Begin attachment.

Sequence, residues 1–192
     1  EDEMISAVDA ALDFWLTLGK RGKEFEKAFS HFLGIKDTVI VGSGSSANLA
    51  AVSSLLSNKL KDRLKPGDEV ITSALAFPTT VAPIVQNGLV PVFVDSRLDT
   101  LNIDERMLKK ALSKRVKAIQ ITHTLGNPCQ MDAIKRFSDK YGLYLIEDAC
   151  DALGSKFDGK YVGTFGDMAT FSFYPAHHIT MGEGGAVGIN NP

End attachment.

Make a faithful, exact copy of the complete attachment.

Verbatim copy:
Sequence, residues 1–192
     1  EDEMISAVDA ALDFWLTLGK RGKEFEKAFS HFLGIKDTVI VGSGSSANLA
    51  AVSSLLSNKL KDRLKPGDEV ITSALAFPTT VAPIVQNGLV PVFVDSRLDT
   101  LNIDERMLKK ALSKRVKAIQ ITHTLGNPCQ MDAIKRFSDK YGLYLIEDAC
   151  DALGSKFDGK YVGTFGDMAT FSFYPAHHIT MGEGGAVGIN NP